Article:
Most respiratory therapists work in hospitals, treating patients with lung diseases such as chronic obstructive pulmonary disease (COPD) which includes asthma, emphysema, chronic bronchitis and bronchiectasis. They also treat patients who have pneumonia and other chronic but rarer diseases such as cystic fibrosis and pulmonary fibrosis.

But their work isn't limited to hospitals or one particular patient population. They may also work in pulmonary function laboratories, sleep disorder clinics, nursing homes, for home medical equipment companies and in the military. In addition to administering treatments, respiratory therapists teach patients and their families about the disease, how to use equipment and medication.

One job, many settings

Curt Merriman has been a respiratory therapist for 29 years and has worked in a variety of settings. Currently with CORE Respiratory Services, Lakeville, Merriman divides his time among acute-care hospitals in pulmonary function laboratories, pediatric and general care as well as pediatric intensive care, adult general care and adult critical care.

"One of the things that is a draw to the profession is that there is a wide variety of things you can do and types of patients you can take care of," he says. "It doesn't have to be the same thing each and every day."

Even in the same setting, every day can be different, according to Esther Herbert, a respiratory therapist who has worked for 20 years at Gillette Children's Specialty Healthcare in St. Paul. In addition to working with children who have disabilities at Gillette, Herbert also works with pediatric trauma patients who are first taken to Regions Hospital's Emergency Department before transfer to Gillette.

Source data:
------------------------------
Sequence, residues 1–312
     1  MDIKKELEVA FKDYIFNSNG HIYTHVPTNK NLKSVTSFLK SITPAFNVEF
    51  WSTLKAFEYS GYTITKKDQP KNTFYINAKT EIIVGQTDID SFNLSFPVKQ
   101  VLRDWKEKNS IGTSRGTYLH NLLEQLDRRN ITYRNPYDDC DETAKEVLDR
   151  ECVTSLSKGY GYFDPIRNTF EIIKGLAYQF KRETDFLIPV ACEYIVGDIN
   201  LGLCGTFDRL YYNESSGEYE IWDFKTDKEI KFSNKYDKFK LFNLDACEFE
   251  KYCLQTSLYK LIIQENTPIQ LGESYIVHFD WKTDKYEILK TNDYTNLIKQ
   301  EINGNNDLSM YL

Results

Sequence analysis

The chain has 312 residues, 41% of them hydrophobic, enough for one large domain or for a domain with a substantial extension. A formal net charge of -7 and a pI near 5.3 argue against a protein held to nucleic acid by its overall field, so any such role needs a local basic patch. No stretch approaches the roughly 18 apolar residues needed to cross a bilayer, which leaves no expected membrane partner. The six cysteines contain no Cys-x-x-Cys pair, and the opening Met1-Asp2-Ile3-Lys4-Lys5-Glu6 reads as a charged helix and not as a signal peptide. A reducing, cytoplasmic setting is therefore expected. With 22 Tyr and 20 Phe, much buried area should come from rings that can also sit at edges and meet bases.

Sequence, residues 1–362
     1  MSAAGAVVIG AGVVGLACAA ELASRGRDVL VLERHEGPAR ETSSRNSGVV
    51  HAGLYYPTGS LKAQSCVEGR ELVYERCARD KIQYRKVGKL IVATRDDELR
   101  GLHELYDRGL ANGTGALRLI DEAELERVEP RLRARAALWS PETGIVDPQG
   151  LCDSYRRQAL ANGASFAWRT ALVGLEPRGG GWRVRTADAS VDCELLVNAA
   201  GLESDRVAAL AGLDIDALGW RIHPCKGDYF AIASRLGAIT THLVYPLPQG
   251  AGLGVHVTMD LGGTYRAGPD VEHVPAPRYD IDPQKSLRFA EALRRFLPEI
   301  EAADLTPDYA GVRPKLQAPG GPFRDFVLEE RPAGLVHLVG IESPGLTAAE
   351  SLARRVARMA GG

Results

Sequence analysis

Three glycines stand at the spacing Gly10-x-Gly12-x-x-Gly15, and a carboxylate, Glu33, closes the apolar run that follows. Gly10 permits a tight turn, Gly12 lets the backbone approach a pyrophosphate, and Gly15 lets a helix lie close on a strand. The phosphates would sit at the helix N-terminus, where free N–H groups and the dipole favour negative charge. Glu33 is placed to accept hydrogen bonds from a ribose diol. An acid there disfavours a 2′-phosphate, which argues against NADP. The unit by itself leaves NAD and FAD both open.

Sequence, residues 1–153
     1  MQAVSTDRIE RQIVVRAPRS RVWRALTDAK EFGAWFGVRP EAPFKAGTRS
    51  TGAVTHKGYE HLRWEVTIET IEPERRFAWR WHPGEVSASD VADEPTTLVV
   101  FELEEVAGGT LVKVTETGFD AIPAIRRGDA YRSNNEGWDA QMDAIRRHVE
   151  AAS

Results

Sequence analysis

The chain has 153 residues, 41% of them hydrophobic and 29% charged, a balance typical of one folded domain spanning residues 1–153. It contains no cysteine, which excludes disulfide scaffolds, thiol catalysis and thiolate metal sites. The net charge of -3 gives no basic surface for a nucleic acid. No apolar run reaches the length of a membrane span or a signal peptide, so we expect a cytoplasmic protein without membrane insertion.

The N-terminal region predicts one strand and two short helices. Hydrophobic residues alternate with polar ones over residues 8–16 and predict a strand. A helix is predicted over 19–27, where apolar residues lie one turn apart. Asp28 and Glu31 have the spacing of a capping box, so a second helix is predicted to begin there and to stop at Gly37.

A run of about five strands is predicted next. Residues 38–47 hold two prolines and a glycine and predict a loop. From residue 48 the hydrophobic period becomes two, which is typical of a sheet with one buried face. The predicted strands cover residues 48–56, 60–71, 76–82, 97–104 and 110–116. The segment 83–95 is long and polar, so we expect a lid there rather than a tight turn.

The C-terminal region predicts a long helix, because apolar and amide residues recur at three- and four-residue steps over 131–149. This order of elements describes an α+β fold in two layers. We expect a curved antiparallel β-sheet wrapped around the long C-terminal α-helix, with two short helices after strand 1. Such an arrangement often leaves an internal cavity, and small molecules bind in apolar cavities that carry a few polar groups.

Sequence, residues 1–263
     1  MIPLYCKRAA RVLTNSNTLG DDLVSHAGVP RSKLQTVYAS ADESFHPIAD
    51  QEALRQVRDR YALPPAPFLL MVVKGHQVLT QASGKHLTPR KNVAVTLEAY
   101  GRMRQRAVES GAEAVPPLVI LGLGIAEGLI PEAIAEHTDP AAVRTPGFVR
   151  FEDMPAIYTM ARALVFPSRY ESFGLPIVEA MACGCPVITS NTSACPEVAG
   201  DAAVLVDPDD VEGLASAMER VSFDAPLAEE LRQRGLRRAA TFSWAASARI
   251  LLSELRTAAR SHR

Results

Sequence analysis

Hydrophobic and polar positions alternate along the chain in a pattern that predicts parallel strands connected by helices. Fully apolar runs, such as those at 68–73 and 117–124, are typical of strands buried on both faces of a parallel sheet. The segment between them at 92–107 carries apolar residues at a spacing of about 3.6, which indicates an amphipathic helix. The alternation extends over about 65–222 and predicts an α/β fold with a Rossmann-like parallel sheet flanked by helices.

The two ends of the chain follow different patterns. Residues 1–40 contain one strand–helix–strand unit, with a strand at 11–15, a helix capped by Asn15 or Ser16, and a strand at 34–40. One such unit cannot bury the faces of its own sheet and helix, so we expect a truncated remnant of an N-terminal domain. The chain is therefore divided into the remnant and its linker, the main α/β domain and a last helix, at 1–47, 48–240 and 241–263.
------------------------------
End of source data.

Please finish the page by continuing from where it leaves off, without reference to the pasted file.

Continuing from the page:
"I really like working with little kids," she says. "You get kind of close to the families because you see them often and there's a lot of teaching involved."

New equipment, more education

Respiratory therapy equipment is constantly evolving, which also adds variety to their work, according to these therapists. Early in her career, some of Herbert's patients had to stay in the hospital for months because they were dependent on ventilators. Now they can take their equipment in cars and on airplanes, even on horseback. "I really find it rewarding," Herbert says. "That's why I've been here for so long. It evolves as you get older and learn new techniques."

Respiratory therapy students' clinical internships mostly occur in hospitals, according to Merriman, but students may also do rotations that expose them to pulmonary function testing, home care and pediatrics. The median salary in the Twin cities is $56,000, he says.

Healthcare is being affected by our economic situation right now," Merriman continues. "But the overall growth of respiratory therapy is still going to continue for many years to come."